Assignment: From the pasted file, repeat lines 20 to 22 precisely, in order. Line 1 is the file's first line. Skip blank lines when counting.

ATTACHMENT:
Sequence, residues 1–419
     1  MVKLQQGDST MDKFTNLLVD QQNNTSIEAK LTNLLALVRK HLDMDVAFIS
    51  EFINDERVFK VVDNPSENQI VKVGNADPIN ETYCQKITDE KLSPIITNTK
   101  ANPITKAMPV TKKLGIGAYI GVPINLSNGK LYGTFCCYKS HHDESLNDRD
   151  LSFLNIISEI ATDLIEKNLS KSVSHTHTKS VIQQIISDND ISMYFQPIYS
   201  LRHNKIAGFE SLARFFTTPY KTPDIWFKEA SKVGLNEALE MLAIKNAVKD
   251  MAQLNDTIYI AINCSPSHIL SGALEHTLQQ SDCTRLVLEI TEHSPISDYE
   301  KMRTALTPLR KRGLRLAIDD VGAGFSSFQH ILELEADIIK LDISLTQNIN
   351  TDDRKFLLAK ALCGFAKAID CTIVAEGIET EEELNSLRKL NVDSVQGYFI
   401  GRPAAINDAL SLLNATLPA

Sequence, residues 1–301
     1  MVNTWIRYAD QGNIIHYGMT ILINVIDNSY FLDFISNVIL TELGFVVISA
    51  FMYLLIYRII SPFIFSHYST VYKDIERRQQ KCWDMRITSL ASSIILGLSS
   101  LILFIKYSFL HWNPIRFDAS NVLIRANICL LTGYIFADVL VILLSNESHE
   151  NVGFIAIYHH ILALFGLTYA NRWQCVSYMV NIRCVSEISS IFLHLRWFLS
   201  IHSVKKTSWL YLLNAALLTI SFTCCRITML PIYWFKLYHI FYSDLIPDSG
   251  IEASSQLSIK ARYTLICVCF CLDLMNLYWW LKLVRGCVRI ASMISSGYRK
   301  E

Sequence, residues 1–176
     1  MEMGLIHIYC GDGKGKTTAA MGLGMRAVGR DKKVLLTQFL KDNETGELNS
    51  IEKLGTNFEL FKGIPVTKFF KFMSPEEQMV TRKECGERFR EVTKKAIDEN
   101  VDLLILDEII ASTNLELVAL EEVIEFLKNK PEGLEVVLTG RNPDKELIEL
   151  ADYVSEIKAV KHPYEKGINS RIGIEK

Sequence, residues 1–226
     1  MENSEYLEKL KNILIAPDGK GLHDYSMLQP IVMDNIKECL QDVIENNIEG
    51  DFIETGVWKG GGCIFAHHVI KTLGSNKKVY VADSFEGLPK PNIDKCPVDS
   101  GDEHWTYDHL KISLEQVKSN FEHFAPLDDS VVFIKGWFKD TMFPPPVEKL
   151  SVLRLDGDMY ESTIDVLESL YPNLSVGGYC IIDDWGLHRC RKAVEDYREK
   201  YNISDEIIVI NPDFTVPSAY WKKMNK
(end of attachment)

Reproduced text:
     1  MEMGLIHIYC GDGKGKTTAA MGLGMRAVGR DKKVLLTQFL KDNETGELNS
    51  IEKLGTNFEL FKGIPVTKFF KFMSPEEQMV TRKECGERFR EVTKKAIDEN
   101  VDLLILDEII ASTNLELVAL EEVIEFLKNK PEGLEVVLTG RNPDKELIEL